Photo Credit: Nir Kafri

Ben Gurion Airport, Israel, June 19 – Forty-three members of the Lost Tribe of Bnei Menashe arrived yesterday in Israel. The new Olim (immigrants to Israel) hail from the northeastern Indian state of Manipur, and they bring the total number of Bnei Menashe who have made Aliya this month to 250. Thus far, since the start of the year, 410 Bnei Menashe have come here, the largest number that has ever been recorded. The immigrants were brought to the Jewish state by the Jerusalem-based Shavei Israel organization, which received permission from the Israeli government last October to bring 900 Bnei Menashe to Israel by 2015. The remaining 490 Bnei Menashe (out of the total of 900) will be brought to Israel by Shavei Israel by year’s end. “It is so moving to see the Lost Tribe of Bnei Menashe returning to Zion and rejoining the people of Israel,” said Shavei Israel Founder and Chairman Michael Freund.

“After 2,700 years, the Bnei Menashe are returning to our people and our land, and we won’t stop until all the remaining 7,000 community members still in India will be able to come here,” Freund added.

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“This is a great day for me and my family, and for all of the Bnei Menashe,” said Bnei Menashe community chairman Yochanan Phaltual, who made Aliya this morning from India and was reunited with his father and siblings in Israel. “It is a dream come true, the dream of our forefathers, and we thank G-d that we have come home,” he added.

The Bnei Menashe are descendants of the tribe of Menashe (or Manasseh), one of the Ten Lost Tribes of Israel who were exiled by the Assyrian Empire after King Solomon’s death more than 2,700 years ago. In recent years, Shavei Israel has brought some 2,400 Bnei Menashe back home to Zion. Another 7,000 still remain in northeastern India, waiting for the day when they too will be able to return to Israel and the Jewish people.

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18 COMMENTS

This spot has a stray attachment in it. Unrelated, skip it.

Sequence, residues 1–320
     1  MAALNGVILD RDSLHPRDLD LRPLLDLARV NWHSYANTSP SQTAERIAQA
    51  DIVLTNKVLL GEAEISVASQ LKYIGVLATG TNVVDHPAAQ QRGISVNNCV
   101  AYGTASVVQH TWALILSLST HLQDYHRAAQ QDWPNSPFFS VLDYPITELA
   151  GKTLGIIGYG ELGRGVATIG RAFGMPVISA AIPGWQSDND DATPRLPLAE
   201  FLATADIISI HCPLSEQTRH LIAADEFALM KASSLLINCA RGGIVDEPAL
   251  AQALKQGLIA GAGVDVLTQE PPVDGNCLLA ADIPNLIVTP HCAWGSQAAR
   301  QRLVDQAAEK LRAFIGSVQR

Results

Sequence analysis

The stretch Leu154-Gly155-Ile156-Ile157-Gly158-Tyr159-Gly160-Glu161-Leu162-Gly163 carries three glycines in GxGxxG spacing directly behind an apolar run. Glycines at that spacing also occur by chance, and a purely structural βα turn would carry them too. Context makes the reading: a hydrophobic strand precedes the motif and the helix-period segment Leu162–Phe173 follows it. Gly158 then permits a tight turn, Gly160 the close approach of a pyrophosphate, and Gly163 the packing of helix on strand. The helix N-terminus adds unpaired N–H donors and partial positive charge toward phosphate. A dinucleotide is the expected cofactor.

1. it is such a wonderful blessing and also how many of us who have lineage from India may or may not know we may be a part of this? the tribes are truly scattered and a small portion was only found. many who have immigrated to the U.S. carry lines going back to these areas, africa and the middle east (the land of Israel.)

  2. I don't hate or have anything against them, if anything, I'm rather adverse to the rabbis who encourage these misguided beliefs and behaviors, and people who perpetuate these "lost tribe" myths and encourage "conversion". I, and many others would not consider these people part of the Jewish people. Just because they practice a certain religion and went through a "conversion process" doesn't mean they are connected to 3 thousand years of heritage, ancestry, and culture. Unlike the Sephardim, the Ashkenazim, the Mizrachim, and the yemenites, the "bnei menashe" (a recently invented name) have no ancestral or cultural connection to the land of Israel, so their "right of return" is rather bogus and certainly not what Theodor Herzl and David Ben Gurion had in mind. Conversion to Judaism is not a time-honored tradition, until recently, it has been an extremely rare and discouraged phenomenon. Now, in the modern world, is certainly not the time to make it otherwise. We should encourage people to be proud of their own heritage not to adopt ours.

  3. yes, the same is true of the Beta Israel (falasha is a derogatory term in amharic). They claim to be descended from the tribe of Dan, but most evidence points to a medieval Ethiopian christian origin. however they almost all live in Israel now and were brutally persecuted in Ethiopia. The Menashe are only a few decades old and do not really face persecution.

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